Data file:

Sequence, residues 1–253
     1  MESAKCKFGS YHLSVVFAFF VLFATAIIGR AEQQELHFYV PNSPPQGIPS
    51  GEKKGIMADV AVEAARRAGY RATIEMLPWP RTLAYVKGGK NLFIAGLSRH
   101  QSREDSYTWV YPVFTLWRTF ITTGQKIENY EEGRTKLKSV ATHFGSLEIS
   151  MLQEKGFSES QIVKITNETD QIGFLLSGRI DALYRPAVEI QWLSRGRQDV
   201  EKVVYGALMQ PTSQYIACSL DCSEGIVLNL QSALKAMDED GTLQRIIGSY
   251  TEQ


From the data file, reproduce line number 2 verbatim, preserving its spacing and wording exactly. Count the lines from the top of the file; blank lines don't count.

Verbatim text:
     1  MESAKCKFGS YHLSVVFAFF VLFATAIIGR AEQQELHFYV PNSPPQGIPS